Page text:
Source: Teaching and Teacher Education, Volume 42, p. 23-33. (August, 2014)
(Reviewed by the Portal Team)
The aim of this study was to gain insight into ways to improve the retention of beginning urban teachers.
This study investigated the support structure and support culture of 11 urban primary schools.
The participants were eight beginning teachers and 11 principals from 11 urban primary schools in the Netherlands.
Data were collected through in-depth semi-structured interviews.
This article focused on characteristics of the support structure and support culture at schools where beginning teachers judged the support they received positively or negatively.
The findings revealed that the principals of the schools were willing to invest in the professional development of the teachers.
For example, all coaches at the schools where teachers judged the support positively received special training to learn how to support novices and had enough time for coaching. Furthermore, at the schools where teachers judged the support positively, the rules and agreements about the way of working at the school were well documented, so teachers knew what they could expect.
Furthermore, external support could be hired if the teachers needed it.
In contrast, at schools where teachers judged the support negatively, the rules and agreements were not clearly formulated and documented, and external guidance was only possible when teachers already had issues, so problems were not prevented.
Another remarkable difference was that the teachers who judged the support negatively indicated that there was no structural support at their school and little initiative for support from the school management or from colleagues, whereas at schools where teachers judged support positively, the support was more systematically arranged and colleagues offered help more often.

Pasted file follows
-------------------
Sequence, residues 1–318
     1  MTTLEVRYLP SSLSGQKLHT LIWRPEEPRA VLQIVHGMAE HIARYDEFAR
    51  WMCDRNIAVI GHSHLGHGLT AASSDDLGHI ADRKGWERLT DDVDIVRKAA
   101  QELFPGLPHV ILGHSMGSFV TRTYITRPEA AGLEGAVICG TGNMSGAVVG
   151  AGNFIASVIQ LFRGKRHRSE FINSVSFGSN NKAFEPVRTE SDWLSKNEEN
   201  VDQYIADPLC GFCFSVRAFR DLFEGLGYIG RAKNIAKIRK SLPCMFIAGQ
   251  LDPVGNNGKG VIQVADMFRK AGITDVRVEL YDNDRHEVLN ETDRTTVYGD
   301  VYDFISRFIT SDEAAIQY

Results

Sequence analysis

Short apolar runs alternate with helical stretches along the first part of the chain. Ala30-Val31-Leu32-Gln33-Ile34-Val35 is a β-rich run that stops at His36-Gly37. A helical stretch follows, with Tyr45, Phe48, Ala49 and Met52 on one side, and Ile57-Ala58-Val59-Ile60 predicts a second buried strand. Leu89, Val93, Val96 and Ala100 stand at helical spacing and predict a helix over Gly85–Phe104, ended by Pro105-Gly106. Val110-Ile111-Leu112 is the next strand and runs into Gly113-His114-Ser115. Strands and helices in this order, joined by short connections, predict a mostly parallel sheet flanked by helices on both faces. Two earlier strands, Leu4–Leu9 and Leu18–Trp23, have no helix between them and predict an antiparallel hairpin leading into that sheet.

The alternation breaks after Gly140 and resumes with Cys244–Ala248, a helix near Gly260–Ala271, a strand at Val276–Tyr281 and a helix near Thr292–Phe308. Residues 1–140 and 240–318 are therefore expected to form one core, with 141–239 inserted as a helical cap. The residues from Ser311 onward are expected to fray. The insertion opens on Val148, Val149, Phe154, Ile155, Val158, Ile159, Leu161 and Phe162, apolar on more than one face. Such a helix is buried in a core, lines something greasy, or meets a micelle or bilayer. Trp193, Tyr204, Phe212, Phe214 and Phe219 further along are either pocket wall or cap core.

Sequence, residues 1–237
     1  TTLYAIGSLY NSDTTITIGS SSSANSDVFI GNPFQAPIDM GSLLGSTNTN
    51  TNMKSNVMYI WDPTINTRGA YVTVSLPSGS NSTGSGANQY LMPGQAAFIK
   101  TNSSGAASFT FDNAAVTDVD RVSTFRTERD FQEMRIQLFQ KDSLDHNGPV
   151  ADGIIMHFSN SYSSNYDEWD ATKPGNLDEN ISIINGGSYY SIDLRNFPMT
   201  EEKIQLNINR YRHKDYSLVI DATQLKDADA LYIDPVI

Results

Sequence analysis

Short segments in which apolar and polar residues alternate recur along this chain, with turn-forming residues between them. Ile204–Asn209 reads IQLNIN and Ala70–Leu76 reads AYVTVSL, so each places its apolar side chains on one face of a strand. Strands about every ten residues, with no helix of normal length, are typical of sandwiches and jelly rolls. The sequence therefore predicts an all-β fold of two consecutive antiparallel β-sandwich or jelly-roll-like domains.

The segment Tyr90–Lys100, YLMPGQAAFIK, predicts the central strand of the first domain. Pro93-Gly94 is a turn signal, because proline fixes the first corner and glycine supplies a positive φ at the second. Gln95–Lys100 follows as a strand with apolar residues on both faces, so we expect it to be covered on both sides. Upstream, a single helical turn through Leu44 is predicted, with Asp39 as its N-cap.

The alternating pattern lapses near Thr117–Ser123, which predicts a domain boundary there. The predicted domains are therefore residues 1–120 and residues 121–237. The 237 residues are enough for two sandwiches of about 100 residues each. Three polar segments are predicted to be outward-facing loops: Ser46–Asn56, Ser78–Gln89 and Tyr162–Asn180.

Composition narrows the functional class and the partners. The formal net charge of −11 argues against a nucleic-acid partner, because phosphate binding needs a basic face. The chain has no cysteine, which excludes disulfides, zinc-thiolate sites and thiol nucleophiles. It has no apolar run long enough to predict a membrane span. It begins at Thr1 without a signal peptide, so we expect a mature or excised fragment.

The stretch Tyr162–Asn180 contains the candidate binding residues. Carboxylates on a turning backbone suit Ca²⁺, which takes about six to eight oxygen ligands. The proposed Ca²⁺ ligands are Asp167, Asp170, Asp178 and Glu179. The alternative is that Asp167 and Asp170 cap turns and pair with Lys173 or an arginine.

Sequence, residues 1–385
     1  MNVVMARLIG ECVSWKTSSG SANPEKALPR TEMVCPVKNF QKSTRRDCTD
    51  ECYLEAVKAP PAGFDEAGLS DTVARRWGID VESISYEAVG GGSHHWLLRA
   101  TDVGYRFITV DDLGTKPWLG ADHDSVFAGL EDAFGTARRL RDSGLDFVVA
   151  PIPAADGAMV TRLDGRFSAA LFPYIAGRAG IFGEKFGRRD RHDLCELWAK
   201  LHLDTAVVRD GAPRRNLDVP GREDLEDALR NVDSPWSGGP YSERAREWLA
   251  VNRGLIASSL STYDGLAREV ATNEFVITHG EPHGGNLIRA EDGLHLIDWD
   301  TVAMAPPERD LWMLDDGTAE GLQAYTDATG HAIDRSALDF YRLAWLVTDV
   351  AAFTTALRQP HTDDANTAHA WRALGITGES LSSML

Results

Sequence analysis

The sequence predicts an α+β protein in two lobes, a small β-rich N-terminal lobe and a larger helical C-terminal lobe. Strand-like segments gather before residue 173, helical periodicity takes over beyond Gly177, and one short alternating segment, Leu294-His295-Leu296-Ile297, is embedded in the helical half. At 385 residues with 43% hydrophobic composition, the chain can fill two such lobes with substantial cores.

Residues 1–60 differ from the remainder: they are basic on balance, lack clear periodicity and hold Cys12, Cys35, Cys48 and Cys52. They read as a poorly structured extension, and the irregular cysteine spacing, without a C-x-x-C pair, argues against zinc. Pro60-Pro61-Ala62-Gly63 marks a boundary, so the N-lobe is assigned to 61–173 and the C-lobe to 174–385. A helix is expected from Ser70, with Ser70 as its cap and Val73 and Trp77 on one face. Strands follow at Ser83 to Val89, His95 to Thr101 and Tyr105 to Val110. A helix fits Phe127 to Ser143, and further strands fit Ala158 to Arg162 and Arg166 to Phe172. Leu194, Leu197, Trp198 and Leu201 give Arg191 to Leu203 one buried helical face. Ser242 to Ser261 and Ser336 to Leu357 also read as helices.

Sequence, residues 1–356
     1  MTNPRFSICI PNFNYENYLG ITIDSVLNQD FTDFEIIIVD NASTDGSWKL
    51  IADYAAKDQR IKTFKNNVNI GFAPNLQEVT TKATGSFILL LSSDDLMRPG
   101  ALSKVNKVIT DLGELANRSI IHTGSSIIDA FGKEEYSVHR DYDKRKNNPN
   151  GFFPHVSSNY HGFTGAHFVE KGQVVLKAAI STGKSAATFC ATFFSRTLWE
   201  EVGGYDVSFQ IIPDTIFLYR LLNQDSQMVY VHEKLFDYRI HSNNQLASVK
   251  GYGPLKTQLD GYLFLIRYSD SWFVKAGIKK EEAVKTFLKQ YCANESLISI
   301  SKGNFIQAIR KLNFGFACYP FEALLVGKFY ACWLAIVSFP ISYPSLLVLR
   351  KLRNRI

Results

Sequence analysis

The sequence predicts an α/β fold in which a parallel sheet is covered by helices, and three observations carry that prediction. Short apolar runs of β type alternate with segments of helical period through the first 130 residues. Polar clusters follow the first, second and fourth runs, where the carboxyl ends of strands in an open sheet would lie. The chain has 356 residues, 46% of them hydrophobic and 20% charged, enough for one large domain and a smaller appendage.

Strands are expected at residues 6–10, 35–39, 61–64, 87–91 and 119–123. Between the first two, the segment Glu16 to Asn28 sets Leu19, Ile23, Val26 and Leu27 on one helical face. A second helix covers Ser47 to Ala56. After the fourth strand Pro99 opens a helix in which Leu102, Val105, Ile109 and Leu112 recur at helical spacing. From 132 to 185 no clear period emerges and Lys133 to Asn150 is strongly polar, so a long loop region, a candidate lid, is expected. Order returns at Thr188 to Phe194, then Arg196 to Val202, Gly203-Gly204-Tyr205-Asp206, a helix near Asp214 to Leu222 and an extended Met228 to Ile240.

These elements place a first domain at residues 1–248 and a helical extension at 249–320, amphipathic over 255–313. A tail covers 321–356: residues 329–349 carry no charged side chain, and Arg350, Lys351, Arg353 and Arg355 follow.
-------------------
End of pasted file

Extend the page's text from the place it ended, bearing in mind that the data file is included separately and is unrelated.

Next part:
Although there were differences in the support structure of the schools, the main difference between the schools appeared to be their support culture.
At schools where teachers judged the support positively, the authors found characteristics of an integrated professional culture.
Teachers experienced an open culture in which they could easily approach their colleagues. The support culture at these schools consisted of collaboration between novice and more experienced teachers, encouragement of beginning teachers’ development, and involved colleagues who took the novices seriously and who were open to discussing their experiences with beginning teachers.
At schools where teachers judged about the support they received negatively, the culture was less open than at the other schools.
Novice teachers experienced difficulties in approaching their colleagues and felt that they were not taken seriously by their more experienced colleagues.
Another characteristic of the schools where teachers judged the guidance negatively is that teachers reported that when they wanted to develop themselves, they felt criticised by colleagues.
In conclusion, this study showed that in schools where teachers judged the support practice positively, support was focused on the specific urban challenges that the teachers experienced more than it was in the schools where teachers judged support negatively.
An important finding of this study is that a good support culture is important for beginning teachers.
This study also underlines the value of a good support culture, which has a large influence on how teachers judged the support practice at their school.
Finally, the findings can contribute to the knowledge of teachers educators, educational support services, schools, school boards, and researchers on the organisation of valuable support practices for novice urban teachers.